03 Jan D’Angelico
John D’Angelico (1905–1964) was a luthier from New York City, noted for his handmade archtop guitars and mandolins. From 1932 – 1964 D’Angelico made a total of 1,164 guitars; they were the most coveted arch top guitars of the period.
In 1952, he hired Jimmy D’Aquisto as an apprentice, who would eventually buy the business from the D’Angelico family. D’Angelico and D’Aquisto are generally regarded as the two greatest archtop guitar makers of the 20th century.
D’Aquisto went on to be the most eminent jazz guitar builder of the 1970’s and 1980’s. His first guitar under his own name was made in 1965. As well as jazz guitars he also made solid body electrics for artists such as Steve Miller and acoustics for Paul Simon. He died in 1995 having made just 371 instruments.
In 1988 Mr. Jerry Barberine, President of D’Angelico, signed an agreement with Mr. Hidesato Shiino from the Vestax Corporation to revive the D’Angelico New Yorker. This agreement lasted until 2004.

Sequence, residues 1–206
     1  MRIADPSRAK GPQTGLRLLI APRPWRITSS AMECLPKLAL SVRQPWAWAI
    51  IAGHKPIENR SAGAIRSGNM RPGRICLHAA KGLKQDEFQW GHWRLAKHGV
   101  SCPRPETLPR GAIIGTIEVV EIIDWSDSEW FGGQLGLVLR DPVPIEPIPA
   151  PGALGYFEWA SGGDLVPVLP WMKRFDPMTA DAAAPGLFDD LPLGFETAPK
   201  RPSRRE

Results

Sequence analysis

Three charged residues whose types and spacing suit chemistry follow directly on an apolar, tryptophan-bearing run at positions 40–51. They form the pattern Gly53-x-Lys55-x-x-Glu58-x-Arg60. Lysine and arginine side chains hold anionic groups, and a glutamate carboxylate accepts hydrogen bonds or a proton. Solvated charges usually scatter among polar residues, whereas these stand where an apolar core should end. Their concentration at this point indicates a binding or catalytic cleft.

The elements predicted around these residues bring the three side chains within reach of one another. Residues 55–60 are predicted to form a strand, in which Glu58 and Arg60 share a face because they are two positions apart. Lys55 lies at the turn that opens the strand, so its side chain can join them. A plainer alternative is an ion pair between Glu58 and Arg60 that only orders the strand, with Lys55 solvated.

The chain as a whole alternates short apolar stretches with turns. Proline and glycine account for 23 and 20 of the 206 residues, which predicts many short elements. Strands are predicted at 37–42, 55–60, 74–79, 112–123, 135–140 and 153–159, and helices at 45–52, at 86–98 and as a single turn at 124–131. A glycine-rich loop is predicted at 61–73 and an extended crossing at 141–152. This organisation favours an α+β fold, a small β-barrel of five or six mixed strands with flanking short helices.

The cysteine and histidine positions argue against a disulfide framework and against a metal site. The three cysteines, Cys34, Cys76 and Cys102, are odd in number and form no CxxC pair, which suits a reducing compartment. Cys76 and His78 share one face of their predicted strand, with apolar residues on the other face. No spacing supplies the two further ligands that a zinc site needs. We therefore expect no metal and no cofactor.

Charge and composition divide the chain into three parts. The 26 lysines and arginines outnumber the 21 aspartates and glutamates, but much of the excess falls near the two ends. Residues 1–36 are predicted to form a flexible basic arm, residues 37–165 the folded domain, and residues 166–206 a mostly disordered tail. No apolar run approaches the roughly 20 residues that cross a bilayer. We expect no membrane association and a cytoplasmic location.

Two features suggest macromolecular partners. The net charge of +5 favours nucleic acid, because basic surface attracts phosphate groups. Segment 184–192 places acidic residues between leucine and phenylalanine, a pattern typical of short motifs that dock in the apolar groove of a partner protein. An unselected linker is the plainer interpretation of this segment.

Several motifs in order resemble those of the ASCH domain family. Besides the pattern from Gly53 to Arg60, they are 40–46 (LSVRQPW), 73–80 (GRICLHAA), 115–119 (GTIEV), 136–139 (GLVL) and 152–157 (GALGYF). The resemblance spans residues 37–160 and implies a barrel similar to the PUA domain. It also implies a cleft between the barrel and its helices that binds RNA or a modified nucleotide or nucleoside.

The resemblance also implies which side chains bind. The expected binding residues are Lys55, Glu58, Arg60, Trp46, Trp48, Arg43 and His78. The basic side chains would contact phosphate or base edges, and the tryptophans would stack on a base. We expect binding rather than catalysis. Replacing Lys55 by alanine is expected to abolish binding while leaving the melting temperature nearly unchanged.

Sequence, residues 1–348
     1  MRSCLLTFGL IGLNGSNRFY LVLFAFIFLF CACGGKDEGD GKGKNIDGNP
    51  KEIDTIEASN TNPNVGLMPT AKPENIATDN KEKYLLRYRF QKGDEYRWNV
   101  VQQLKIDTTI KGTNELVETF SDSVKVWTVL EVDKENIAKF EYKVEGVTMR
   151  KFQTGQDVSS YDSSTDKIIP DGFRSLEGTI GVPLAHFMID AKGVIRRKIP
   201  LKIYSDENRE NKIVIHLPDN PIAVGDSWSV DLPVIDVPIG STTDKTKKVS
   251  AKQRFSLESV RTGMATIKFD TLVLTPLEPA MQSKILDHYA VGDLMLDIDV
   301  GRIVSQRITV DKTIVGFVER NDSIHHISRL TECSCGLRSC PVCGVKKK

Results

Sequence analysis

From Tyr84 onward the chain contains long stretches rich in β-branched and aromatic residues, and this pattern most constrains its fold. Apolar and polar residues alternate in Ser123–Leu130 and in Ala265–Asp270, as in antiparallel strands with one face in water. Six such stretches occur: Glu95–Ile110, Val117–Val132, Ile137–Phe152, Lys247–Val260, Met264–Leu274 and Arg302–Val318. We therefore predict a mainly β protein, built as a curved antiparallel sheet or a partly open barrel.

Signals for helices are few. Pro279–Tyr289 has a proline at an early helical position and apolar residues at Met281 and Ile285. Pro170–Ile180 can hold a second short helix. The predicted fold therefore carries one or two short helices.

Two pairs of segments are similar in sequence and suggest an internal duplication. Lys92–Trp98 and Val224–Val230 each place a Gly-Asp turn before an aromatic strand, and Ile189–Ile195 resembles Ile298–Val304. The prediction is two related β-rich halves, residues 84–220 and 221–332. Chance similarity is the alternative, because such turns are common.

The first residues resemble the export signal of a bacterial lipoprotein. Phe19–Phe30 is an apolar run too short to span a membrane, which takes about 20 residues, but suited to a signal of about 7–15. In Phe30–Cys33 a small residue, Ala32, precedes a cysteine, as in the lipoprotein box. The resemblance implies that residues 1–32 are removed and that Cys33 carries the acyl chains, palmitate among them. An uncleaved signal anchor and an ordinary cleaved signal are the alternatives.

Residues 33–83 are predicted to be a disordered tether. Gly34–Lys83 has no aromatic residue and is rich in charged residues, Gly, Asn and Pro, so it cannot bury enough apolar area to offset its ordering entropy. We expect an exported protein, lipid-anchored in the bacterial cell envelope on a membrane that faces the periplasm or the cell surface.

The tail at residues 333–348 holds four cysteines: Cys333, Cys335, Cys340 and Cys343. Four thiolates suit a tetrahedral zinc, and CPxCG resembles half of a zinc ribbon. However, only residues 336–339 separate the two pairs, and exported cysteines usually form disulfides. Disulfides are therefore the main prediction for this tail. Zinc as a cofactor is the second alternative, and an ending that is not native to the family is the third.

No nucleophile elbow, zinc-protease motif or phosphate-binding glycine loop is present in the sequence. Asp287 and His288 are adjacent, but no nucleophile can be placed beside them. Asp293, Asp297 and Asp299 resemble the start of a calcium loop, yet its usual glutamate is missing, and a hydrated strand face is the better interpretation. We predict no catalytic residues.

Since 2005 D’Angelico guitars have been produced in Japan (New Yorker archtop models) and South Korea (Excel series and New Yorker solid body models), with years of development having gone into them; they offer a laminated spruce top and laminated maple sides and back to stay within a price range. This method of laminated construction is a major point of departure from original D’Angelicos, reminding us that it is a manufactured copy of a piece of Americana.
The D’Angelico Guitar Excel line has several models from which to choose – the EXS 16″ archtops, the EXL 17″ archtops, the NYSD solid body and the recently redesigned EXSS and EXDC semi hollow models. All are first class instruments. Owner and jazz guitar player Jeff Hale liked the first EXS-1DH so much that he kept it for himself and gigs with it regularly.